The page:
Isaiah Thomas Reportedly Plans to Sign 10-Day Contract with Pelicans

Joseph Zucker@@JosephZuckerFeatured ColumnistApril 2, 2021

WASHINGTON, DC - JANUARY 30: Isaiah Thomas #4 of the Washington Wizards looks on in the second half against the Charlotte Hornets at Capital One Arena on January 30, 2020 in Washington, DC. NOTE TO USER: User expressly acknowledges and agrees that, by downloading and or using this photograph, User is consenting to the terms and conditions of the Getty Images License Agreement. (Photo by Patrick McDermott/Getty Images)
Patrick McDermott/Getty Images

Veteran point guard Isaiah Thomas reportedly is joining the New Orleans Pelicans

Per ESPN's Andrew Lopez, Thomas is expected to sign a 10-day contract with the Pelicans on Saturday. 

The Los Angeles Clippers acquired Thomas just ahead of the 2020 NBA trade deadline, but the team waived him two days later. He had previously signed a one-year, $2.3 million deal with the Washington Wizards before the 2019-20 season.

The 32-year-old has experienced a precipitous fall after finishing fifth in the 2017 MVP voting. He played through a hip injury in the 2017 playoffs and has never been the same player since. After trying to let the injury heal on its own, he underwent surgery in March 2018.

gary washburn @GwashburnGlobe

Isaiah Thomas says he took the bullet for players playing injured that has helped create “load management” and encourages players to do whatever it takes to preserve their health. #Wizards #Celtics https://t.co/yGSKWQXWNp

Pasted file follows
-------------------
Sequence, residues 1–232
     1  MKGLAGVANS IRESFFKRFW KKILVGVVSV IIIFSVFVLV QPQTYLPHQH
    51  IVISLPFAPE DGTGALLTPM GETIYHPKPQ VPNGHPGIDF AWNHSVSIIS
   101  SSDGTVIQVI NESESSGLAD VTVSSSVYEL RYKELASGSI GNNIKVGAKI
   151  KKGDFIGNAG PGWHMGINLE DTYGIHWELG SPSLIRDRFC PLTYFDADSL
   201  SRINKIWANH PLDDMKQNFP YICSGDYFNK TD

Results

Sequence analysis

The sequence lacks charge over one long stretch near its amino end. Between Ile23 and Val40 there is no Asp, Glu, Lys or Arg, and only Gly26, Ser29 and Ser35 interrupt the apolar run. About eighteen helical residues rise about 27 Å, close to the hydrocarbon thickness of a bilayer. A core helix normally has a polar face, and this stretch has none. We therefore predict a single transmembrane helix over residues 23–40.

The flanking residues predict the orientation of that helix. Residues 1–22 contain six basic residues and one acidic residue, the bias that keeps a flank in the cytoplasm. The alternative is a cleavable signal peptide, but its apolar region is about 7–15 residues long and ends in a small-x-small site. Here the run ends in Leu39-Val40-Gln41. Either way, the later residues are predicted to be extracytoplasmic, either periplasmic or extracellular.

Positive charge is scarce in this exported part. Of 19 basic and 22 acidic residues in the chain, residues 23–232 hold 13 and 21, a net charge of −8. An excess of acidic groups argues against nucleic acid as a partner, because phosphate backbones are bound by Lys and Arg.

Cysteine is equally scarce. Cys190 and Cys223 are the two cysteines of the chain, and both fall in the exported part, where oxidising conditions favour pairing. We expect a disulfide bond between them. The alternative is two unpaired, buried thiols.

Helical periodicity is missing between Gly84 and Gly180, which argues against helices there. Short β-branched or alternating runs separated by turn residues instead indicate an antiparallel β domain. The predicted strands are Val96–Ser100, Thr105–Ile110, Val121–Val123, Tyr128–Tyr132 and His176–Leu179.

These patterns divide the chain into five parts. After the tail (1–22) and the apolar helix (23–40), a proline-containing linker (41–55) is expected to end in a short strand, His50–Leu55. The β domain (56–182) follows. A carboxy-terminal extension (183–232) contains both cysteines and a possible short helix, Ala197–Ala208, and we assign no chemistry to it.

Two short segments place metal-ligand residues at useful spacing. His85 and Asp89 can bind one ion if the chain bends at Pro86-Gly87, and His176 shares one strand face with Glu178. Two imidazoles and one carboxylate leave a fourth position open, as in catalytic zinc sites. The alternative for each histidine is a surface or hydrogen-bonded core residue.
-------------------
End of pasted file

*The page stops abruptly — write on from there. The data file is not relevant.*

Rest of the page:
Little changed following the procedure. He was limited to 12 games and played a total of 181 minutes with the Denver Nuggets in 2018-19.

He was afforded a larger role with the Wizards, who had to hit the reset button for 2019-20 with John Wall recovering from an Achilles injury. In 40 games with Washington, Thomas averaged 12.2 points and 3.7 assists while shooting 40.8 percent from the field and 41.3 percent from beyond the arc.

His best single-game effort came in the Wizards' 133-119 win over the Detroit Pistons on Dec. 16, when he finished with 23 points and six assists.

Even at his best, Thomas was a bad defender. He was such an electric scorer and playmaker that he remained a net positive on the floor nonetheless.

Now that his hip problems have sapped some of his explosion, he's no longer an elite offensive player. In turn, his lapses on defense become more glaring, and it gets harder to keep him in the game for extended stretches.

Although advanced metrics don't tell the full story of a player's contributions, it's hard to spin the fact that Thomas was 94th among 95 point guards in ESPN.com's defensive real plus-minus (minus-4.83). Opposing players have also shot 48.2 percent from the field and 38.6 percent from beyond the arc when matched up against him, according to NBA.com.

He still has value on offense, though, and joining a stronger supporting cast than the one he had in Washington might help compensate for and mitigate his poor defense.

Thomas' days as a starting point guard are almost certainly over. Perhaps his move to New Orleans can help him solidify his utility off the bench to chart a new path forward.

The Pelicans needed more depth in the backcourt after trading JJ Redick to the Dallas Mavericks prior to the trade deadline. They are also playing without Lonzo Ball due to a strained hip flexor.  

Thomas is a wild card at this point in his career, but it's a low-risk move for a franchise that is on the outside of the playoff picture with a 21-26 record.